Using large central station plants for the treatment of air supply requires floor voids of approximately 600 mm deep for the supply ductwork, room heights in the order of 2.7-3.2 m and a ceiling void of about 600 to accommodate the exhaust air and chilled ceiling equipment. Of course, the extra space needed to house the system means an increase in the cost of construction and although users find that such systems are quiet in operation, they restrict flexibility, ceiling design and lighting design.

The environment created by displacement ventilation is reasonable but offers little or no personal control over conditions. A large number of swirl grilles are needed and care should be taken in their selection and location, as draughts at low level may be a major problem. This system has only limited application in offices and other spaces of low height as the desired stratification cannot be achieved. Displacement ventilation offers a high level of free cooling in mid season but in mid winter, when the supply air requires tempering to about 18°C, it can be energy demanding. Restricting the volume to reduce the energy requirement further limits the cooling capacity.

Displacement systems are well suited to large open areas with high ceilings (above 3 m) but tend to have a high demand on building fabric costs, and are of limited use in spaces with high heat loads because of the low cooling capacity available.

As a result they are often teamed with a secondary system of chilled ceilings and chilled beams. Additional cooling is delivered by chilled water running in pipes incorporated in ceiling panels or beams and are placed as part of the false ceiling. This offers a total cooling capacity in the order of 120-150 W/m2, but the cold ceiling may cause some 'displaced' air to fall back into the room carrying with it some of the contamination.

Where there is a high latent load causing high humidity, the possibility of condensation occurring on cold surfaces of the metal ceiling can be a concern. Controls can be incorporated to raise the surface temperature in such conditions, but this in turn reduces the cooling capacity often at the time when it is most needed.
Mixing systems ensure good dilution whereas true displacement can have quite high levels of pollution carried in the ascending air as previously demonstrated by cigarette smoke trails in offices.

More flexible solutions - zonal systems

Zonal systems are now receiving a good deal of attention from developers and end users.

Generally there are two types:
· Floor void supply - ceiling return (zonal displacement systems).
· Floor voids supply - floor void return (zonal mixing systems).

Both have their advocates, but in low height office space (2.35-2.6 m) the notion that fumes should be exhausted at a high level is somewhat flawed because the amount of mixing that takes place in such spaces, caused by the occupant movement, door swings, etc, can render such design intention almost possible.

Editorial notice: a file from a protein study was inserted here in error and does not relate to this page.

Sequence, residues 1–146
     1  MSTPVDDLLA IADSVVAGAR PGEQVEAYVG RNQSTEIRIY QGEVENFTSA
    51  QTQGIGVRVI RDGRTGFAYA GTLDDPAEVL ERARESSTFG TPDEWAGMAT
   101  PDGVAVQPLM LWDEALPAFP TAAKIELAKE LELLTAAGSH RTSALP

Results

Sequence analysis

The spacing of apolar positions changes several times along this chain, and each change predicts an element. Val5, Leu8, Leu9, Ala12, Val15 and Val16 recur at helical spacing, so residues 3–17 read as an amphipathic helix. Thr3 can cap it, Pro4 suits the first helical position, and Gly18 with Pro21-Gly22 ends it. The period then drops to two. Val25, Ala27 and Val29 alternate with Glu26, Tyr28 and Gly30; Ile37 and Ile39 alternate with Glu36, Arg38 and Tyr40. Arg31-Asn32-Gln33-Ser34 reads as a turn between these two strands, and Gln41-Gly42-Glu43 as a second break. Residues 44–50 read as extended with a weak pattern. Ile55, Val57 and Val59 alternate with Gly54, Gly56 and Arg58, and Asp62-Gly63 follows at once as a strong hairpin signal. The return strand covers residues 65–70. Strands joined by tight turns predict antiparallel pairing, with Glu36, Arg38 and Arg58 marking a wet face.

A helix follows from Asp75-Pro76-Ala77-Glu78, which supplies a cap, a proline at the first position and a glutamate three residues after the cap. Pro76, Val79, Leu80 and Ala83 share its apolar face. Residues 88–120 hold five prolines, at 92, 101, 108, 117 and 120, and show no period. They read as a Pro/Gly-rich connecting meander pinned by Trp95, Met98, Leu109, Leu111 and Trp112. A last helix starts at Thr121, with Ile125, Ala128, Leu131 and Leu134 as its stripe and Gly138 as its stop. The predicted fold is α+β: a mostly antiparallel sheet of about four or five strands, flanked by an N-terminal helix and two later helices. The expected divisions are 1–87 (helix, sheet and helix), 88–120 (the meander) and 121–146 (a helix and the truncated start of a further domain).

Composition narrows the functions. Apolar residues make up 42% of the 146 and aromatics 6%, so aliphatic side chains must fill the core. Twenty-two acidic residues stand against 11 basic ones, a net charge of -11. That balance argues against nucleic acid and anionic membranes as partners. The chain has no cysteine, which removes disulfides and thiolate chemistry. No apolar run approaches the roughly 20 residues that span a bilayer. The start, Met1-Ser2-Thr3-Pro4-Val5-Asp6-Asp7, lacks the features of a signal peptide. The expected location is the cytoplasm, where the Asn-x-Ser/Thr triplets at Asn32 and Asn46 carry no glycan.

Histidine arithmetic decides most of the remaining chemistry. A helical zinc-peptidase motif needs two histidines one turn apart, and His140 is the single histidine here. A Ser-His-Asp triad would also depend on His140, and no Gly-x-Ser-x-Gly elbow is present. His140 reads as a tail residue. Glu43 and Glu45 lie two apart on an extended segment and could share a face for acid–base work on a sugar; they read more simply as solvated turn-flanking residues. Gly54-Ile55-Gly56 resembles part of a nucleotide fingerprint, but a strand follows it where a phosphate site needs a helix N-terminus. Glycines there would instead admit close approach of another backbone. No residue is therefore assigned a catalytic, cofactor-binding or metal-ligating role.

These systems devolved out of close-control systems used in computer rooms and similar applications. They both use a purpose-designed package air conditioning unit located within the zone to be conditioned. Treated air is blown into the floor plenum. How that treated air is distributed differs with each system and is explained below.
Both solutions rely on central plant similar to that of fan coil systems, but have less on-floor engineering. Compared with central displacement ventilation systems they have much smaller fresh air ductwork and when well designed, lateral ductwork can be almost, if not completely, eliminated, freeing up the floor plenum for data cabling and other systems. The overall height of the floor void may be reduced from 600mm to 200-300 mm and, in the case of zonal mixing systems, the ceiling void too may be reduced or even removed.

Both types of systems are served with chilled water operating at a 6°C flow/11°C return to achieve good levels of dehumidification in high occupancy areas. They can provide closer control of humidity to smaller zones and can ensure individual zones maintain higher indoor air quality.

There are some major advantages to these systems:
· Churn is very easily handled.
· False ceilings may be eliminated. Up-lighters and task lighting are used, improving internal appearance and occupant control.
· Building heights may be reduced when compared to ceiling void systems, or additional headroom provided. On projects where the height benefit is taken into account, total building cost savings in the region of 5 to 7% may be demonstrated.

Floor void supply - ceiling return

Zonal displacement systems use the floor void as a supply channel and the ceiling void or office space as a return channel. Zones may be 100-250 m2. They usually work with minimum fresh air rates offering savings in fan power and seasonal peak energy demand.

The supply air velocity under the floor may be low and designers should take care to check temperature pickup. Simulation shows that the lengths of the air paths under the floor should be less than 15m. Zone units are optimally positioned near the centre of the zone.

Such systems can make use of swirl grilles when the cooling load is small (60-80W/ m2) and the supply temperature can be limited to 18°C, but as with displacement ventilation be aware that draughts around the feet may occur. With higher loads, fan-assisted terminals with vertical distribution should replace swirl grilles. The vertical distribution avoids draughts as warmer room air is entrained into the air stream instead of cooler air being blown across the floor at a low level.
These systems are suitable for machine rooms (eg telecoms, computers and other high load areas where cooling loads can exceed 1,200-1,500W/ m2) where air can be introduced directly into the case of the equipment at a low temperature.